Johnson & Johnson’s subsidiary Janssen Biotech has submitted an Emergency Use Authorization (EUA) application to the US Food and Drug Administration (FDA) for its investigational single-dose Janssen Covid-19 vaccine candidate.
Once the authorisation is issued, Johnson & Johnson plans to immediately supply the vaccine to the US government, with 100 million doses to be distributed in the country in the first half of 2021.
Janssen Biotech’s EUA submission is based on the Phase 3 ENSEMBLE clinical trial’s topline efficacy and safety data, which validated the investigational single-dose vaccine’s claims of meeting all primary as well as key secondary endpoints.
The randomised, double-blind, Phase 3 ENSEMBLE study is a placebo-controlled clinical trial conducted in adults 18 years and above, and was designed to assess the efficacy and safety of the Janssen single-dose investigational vaccine against moderate and severe Covid-19.
Johnson & Johnson vice-chairman of the executive committee and chief scientific officer Paul Stoffels said: “The submission for Emergency Use Authorization of our investigational single-shot Covid-19 vaccine is a pivotal step toward reducing the burden of disease for people globally and putting an end to the pandemic.
“Upon authorisation of our investigational Covid-19 vaccine for emergency use, we are ready to begin shipping. With our submission to the FDA and our ongoing reviews with other health authorities around the world, we are working with great urgency to make our investigational vaccine available to the public as quickly as possible.”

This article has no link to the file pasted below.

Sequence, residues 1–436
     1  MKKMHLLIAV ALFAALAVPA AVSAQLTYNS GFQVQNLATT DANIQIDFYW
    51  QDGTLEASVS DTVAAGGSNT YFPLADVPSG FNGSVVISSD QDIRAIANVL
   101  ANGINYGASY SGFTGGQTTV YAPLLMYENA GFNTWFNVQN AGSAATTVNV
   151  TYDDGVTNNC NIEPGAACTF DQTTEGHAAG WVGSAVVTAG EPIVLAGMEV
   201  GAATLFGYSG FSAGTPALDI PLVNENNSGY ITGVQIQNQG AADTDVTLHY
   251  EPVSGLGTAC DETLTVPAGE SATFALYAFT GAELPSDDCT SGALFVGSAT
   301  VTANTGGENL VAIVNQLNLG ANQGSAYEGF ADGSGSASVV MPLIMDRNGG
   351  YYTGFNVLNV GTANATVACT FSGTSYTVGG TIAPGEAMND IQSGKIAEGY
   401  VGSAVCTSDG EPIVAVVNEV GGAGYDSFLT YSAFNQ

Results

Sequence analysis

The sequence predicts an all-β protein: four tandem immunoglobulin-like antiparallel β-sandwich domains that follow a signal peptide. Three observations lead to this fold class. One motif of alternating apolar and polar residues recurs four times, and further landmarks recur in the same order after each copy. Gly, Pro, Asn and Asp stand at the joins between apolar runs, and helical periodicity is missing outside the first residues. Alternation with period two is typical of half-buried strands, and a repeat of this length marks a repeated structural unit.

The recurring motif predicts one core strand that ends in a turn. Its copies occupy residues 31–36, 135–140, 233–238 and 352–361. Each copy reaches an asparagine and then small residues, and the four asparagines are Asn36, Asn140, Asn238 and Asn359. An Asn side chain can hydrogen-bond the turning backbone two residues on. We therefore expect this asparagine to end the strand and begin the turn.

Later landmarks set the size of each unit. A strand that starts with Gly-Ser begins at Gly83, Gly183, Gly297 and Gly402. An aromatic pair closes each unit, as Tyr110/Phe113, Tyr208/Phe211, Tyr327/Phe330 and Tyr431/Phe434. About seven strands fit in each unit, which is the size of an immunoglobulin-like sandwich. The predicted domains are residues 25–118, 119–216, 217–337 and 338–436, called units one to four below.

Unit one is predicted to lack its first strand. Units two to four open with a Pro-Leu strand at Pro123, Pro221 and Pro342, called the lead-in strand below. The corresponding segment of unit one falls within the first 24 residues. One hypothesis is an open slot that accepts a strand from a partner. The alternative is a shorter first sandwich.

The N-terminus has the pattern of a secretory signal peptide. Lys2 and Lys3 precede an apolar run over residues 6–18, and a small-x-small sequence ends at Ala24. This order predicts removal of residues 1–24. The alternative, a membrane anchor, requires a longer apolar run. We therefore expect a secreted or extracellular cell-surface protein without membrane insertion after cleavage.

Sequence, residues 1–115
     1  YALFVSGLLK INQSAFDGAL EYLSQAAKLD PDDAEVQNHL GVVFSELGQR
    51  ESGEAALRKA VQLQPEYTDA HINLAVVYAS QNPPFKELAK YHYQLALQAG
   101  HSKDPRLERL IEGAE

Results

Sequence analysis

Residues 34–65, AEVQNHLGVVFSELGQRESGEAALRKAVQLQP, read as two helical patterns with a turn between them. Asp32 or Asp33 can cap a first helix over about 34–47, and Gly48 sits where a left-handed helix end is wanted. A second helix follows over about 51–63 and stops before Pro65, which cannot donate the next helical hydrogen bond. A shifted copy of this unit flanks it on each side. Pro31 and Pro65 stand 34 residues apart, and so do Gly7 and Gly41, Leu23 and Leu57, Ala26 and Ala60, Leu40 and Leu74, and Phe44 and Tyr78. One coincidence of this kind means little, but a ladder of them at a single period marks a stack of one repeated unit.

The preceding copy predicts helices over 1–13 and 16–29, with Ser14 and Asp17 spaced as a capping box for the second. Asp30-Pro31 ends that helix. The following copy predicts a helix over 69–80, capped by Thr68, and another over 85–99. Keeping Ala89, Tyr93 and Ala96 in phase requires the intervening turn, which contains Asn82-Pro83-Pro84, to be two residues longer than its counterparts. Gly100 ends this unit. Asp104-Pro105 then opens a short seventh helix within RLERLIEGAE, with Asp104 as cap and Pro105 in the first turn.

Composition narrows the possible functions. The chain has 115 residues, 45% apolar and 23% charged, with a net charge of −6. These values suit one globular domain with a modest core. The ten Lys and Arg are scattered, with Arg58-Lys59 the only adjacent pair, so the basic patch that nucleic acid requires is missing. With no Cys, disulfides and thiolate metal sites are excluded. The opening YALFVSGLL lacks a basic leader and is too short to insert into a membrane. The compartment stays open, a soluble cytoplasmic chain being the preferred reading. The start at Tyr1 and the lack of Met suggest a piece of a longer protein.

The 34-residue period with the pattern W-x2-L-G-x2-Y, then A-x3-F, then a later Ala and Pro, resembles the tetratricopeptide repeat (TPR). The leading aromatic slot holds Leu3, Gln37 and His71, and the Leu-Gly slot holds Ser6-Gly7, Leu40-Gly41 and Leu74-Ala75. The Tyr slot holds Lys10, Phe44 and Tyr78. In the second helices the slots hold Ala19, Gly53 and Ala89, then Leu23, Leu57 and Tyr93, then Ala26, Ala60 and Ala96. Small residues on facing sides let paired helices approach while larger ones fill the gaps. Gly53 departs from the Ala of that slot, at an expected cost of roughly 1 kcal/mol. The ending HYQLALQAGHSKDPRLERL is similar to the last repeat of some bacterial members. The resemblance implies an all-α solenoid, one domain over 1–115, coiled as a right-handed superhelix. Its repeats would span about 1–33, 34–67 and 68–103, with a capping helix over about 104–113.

In accordance with it rolling out submissions to several health agencies outside the country, Johnson & Johnson will submit a conditional Marketing Authorisation Application (cMAA) with the European Medicines Agency soon.
The Janssen investigational vaccine, which leverages the company’s AdVac vaccine platform, is compatible with standard vaccine distribution channels. The AdVac vaccine platform was used to manufacture the EU-approved Ebola vaccine.
The single-dose, investigational vaccine is reckoned to stay stable for two years at a temperature of -4°F (or -20°C). Three months out of those 24 months can be used to store the vaccine in most standard refrigerators at 36°F-46°F (or 2°-8°C).
Shipping of the vaccine will be done via the usual cold chain technologies used for innovative medicines.